Massage benefits for delayed onset muscle soreness

massage, muscle soreness physio

Massage is one of the best well known and most used recovery modality for athletes. There are a lot of claims about the benefits of massage, ranging from reducing muscle soreness to promoting blood flow and improving recovery of strength. But are those claims valid?

In this article I try to answer the following questions:

  • Will massage reduce delayed onset muscle soreness?
  • Does it affect strength recovery?
  • Does it promote blood flow?

Will massage reduce delayed onset muscle soreness?

Yes, there is a ton of research confirming the claim that massage will reduce muscle soreness [2,3,4,5,6,7,8,9,10,11,12,13,15,16,17,18,19,20,21]. Researchers say there are two mechanisms involved: the gate control [29] and the release of hormones [27,28,29].

there is a ton of research confirming the claim that massage will reduce muscle soreness

Gate control.

This theory by Melzack and Wall explains how the nerves that sense ‘push/pull’ sensations in the skin and muscles can attenuate pain. Simply put: all the sensations in the body are transferred to the spinal cord, but only a selection of those sensations is sent to the brain to be detected. So all the nerve impulses come together in the spinal cord, no wonder that spinal cord injuries affect pain, movement and touch.

So there’s a form of hierarchy for the distribution of impulses, the fast fibers (called a-delta) have priority to the slow fibers (c-fibers). This is where the effect of massage comes in, massage stimulates ‘push/pull’ fibers which are fast (a-delta) and thereby overruling the pain fibers which are slow (c-fibers).

So the brain senses the massage and forgets about the pain. This works with light massages giving of lots of sensory input, this theory does not work with heavy painful massages.

massage muscle soreness physio

Release of hormones.

The pain modulating effect of painful massages is done by the release of specific hormones. Researchers found a spike in endorphin during connective tissue massage (28), this type of massage is known to by quite painful. Endorphin is a natural opiod produced by the body and is best well known for producing the ‘runners high’. The body produces endorphin during times of great physical stress (like running a marathon) thereby lowering pain to help you keep going, it acts similar as morphine.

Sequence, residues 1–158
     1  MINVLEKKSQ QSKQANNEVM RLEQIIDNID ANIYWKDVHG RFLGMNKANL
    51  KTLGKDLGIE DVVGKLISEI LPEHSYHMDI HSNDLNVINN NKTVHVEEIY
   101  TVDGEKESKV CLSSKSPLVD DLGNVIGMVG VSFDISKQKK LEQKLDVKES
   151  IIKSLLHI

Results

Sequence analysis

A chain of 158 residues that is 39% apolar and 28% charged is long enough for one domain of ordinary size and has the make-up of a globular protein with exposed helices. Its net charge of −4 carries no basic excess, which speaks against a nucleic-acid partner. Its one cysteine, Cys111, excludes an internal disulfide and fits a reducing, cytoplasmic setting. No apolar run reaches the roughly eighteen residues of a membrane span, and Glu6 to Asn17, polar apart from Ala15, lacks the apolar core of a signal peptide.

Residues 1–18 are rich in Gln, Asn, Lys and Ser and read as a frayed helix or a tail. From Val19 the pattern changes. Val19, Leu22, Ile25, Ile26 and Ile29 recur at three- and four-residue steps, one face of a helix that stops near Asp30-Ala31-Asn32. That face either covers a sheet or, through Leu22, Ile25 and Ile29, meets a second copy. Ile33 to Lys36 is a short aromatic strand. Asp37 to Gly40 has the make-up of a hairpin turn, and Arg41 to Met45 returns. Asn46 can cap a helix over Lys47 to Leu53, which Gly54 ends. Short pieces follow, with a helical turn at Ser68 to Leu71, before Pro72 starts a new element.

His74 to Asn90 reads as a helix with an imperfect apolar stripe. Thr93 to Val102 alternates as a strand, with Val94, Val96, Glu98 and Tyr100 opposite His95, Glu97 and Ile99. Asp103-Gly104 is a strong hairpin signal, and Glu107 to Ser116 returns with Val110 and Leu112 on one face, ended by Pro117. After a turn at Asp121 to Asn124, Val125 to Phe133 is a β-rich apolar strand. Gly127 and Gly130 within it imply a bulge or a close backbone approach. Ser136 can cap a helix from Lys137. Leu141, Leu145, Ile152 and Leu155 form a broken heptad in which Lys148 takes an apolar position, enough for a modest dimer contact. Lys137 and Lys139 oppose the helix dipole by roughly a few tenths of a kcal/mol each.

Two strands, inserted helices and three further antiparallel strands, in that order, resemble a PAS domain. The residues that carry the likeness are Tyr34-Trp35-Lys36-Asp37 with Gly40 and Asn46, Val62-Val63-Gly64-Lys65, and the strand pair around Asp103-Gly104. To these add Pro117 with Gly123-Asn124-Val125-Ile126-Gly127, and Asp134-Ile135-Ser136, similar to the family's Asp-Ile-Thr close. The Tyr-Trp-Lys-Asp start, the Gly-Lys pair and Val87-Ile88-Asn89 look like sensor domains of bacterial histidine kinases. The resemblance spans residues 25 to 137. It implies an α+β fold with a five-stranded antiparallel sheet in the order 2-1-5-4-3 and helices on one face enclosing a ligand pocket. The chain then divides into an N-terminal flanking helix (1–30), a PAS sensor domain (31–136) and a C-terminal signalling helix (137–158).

Besides Endorphin there are lots of other hormones produced after treatment like oxytocin and serotonin which have an effect on mood among other things.

Does it affect strength recovery?

Testing muscle power is a method researchers use to say something about recovery. By testing the power before a muscle damaging workout they establish a baseline from which they can say something about strength loss and eventually the time to full recovery. The participants are tested before the training and often 24, 48 and 72 hours afterwards.

This makes it a valuable method especially because it is a lot more objective than asking about muscle soreness.

massage, muscle soreness, physio

Unfortunately massage does not affect strength recovery [6,8,9,14,20,21], although it does seem to attenuate muscle damage [4,5,7,8].

Unfortunately massage does not affect strength recovery [6,8,9,14,20,21],  although it does seem to attenuate muscle damage [4,5,7,8]. Researchers use blood samples to measure Creatine Kinase (CK) levels, CK sits inside muscle fibers and when damage occurs is ends up in the blood stream making it a valuable tool to measure muscle damage.

The reason why massage attenuates muscle damage might be due to the ability to reduce inflammation. There are studies [1,7,26] that show that after a massage the concentration of pro-inflammatory cells lowers and the concentration of anti-inflammatory cells increases. Thereby lowering the inflammatory response. Inflammation is known to be responsible for ‘secondary damage’ to the muscle fibers. By lowering inflammation you can lower damage. Read more about it HERE.

Does it promote blood flow?

This is one of the most heard claims: massage promotes blood flow in the muscles.